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Published by jack elliot

 

People don't hate wealth, they hate inequality.

 

They hate the fact we have increasing child poverty when people a mile down the road want for nothing.

Unfortunately, when people become very wealthy many go to extensive lengths to avoid tax and opt out of our progressive tax system. We barely tax unearned wealth so those who start wealthy, stay wealthy.

It's those who get wealthy then try to pull the ladder up and prevent anyone else climbing out of poverty that should be reviled.

 

The UK is one of the most unequal societies in Western Europe, only above Lithuania on some indicators, and with very uneven wealth distribution. Whether the public takes a benign view of the wealthy or not is irrelevant to the huge inefficiencies that occur when wealth is concentrated in relatively few hands, not least in the effect on tax revenue. Tax avoidance (ie theft) by the wealthy is rampant by the UK based wealthy (including businesses), while the City and government collude in this. The privileges wealth can buy from education to health undermine public provision on most people depend. So there is good reason to be at least vigilant about the rich, and it the job of government to influence the distribution of wealth in favour of the many instead of encouraging wealth acquisition for the few by income and corporate tax cuts.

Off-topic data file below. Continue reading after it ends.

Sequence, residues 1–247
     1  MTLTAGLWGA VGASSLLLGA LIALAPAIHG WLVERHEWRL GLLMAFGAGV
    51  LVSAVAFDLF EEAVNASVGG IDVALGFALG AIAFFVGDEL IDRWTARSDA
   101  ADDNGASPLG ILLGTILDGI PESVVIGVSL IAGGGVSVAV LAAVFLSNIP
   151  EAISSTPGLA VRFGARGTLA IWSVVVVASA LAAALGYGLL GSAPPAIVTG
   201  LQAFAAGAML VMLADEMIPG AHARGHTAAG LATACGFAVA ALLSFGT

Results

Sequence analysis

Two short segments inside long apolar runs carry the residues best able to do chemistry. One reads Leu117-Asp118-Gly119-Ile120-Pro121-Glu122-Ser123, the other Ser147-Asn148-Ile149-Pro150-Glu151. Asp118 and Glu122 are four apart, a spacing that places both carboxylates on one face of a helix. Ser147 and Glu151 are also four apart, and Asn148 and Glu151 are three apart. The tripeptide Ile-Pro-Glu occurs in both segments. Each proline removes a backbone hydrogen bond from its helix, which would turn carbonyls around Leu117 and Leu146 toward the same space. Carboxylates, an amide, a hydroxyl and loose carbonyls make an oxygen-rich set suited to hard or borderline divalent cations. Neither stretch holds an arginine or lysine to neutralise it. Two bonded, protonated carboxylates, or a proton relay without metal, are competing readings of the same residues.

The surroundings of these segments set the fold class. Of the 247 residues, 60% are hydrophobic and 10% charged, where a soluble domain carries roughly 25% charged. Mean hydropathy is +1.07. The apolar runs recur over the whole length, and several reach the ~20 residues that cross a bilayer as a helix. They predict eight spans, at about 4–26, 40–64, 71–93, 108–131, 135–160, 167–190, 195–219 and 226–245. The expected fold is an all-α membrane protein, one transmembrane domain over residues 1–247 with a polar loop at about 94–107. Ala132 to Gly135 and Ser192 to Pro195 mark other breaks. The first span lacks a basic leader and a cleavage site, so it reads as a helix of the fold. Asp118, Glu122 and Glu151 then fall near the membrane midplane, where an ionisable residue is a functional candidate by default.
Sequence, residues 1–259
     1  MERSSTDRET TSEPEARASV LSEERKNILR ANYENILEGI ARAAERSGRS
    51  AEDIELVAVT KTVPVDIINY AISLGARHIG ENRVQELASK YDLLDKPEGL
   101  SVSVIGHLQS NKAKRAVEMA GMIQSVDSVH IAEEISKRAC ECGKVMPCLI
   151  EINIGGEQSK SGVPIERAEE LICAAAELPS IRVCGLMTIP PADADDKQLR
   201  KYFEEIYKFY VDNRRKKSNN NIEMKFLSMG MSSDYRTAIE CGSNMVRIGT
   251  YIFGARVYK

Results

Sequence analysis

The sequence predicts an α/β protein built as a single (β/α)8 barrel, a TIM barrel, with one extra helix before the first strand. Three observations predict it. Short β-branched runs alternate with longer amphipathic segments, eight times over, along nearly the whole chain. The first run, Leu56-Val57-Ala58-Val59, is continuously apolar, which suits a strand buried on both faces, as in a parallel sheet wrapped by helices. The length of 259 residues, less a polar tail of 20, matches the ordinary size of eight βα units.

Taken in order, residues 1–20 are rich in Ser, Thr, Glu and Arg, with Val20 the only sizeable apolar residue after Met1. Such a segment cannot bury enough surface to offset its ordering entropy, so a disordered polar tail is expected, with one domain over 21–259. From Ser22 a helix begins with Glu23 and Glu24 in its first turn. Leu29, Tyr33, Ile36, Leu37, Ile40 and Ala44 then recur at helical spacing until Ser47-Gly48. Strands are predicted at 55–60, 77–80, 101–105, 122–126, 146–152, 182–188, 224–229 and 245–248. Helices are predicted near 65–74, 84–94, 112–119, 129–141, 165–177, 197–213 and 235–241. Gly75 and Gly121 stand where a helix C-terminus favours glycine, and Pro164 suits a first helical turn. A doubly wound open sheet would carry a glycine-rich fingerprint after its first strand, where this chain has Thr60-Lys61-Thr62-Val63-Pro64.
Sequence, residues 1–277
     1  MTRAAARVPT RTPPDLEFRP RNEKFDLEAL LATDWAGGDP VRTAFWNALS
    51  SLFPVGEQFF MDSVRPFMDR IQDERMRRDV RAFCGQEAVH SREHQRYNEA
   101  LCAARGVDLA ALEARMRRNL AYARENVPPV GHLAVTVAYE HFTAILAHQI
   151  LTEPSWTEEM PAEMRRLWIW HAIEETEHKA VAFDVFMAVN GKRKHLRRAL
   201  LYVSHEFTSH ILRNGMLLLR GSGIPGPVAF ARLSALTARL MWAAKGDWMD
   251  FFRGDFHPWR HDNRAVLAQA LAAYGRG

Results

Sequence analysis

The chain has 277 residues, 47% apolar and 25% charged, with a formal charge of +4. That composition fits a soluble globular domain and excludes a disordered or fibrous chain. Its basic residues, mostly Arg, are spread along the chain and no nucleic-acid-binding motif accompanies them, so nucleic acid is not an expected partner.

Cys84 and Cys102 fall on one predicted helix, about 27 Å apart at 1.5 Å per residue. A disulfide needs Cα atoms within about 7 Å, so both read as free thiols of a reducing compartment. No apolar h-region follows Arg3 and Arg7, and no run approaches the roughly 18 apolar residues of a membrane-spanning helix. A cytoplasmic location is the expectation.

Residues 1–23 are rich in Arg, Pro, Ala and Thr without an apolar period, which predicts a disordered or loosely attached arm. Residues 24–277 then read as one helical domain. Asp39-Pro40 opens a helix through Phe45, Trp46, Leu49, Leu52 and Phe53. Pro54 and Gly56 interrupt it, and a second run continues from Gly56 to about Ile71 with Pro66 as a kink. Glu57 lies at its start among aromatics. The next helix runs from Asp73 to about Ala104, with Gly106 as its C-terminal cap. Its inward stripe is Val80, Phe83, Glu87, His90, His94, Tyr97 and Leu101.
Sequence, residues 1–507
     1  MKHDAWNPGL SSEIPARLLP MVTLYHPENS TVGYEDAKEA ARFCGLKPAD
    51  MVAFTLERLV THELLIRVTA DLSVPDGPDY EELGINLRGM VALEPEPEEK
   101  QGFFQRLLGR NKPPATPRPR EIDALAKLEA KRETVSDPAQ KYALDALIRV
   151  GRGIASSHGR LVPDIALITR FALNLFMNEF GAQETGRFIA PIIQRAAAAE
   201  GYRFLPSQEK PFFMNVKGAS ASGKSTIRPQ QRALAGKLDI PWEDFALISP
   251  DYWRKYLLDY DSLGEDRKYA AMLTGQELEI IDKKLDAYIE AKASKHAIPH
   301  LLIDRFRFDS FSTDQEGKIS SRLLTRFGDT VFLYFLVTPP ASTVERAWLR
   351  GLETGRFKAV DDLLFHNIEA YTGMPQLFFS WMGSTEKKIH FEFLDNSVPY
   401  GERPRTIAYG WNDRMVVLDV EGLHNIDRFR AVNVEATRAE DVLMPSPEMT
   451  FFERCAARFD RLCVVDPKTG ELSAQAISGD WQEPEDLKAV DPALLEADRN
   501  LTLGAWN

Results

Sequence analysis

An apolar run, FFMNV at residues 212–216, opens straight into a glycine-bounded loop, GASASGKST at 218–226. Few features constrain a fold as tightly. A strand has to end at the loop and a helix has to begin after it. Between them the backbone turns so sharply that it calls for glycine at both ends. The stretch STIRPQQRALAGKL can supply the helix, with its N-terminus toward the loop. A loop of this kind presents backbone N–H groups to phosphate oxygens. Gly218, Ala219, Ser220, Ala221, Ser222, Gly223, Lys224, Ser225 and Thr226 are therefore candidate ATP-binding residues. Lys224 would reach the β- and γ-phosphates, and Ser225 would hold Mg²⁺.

Economic inequality is part of the reason this country is so horribly divided and part of the reason for brexit. High economic inequality damages more or less everyone's health; it's associated with lower average lifespan and less social cohesion. The extreme wealth of the richest also damages democracy, in that the rich have far more access to politicians, have the wealth to own much of our media, and can buy political influence, both above board and covertly, in ways the average person can only dream of

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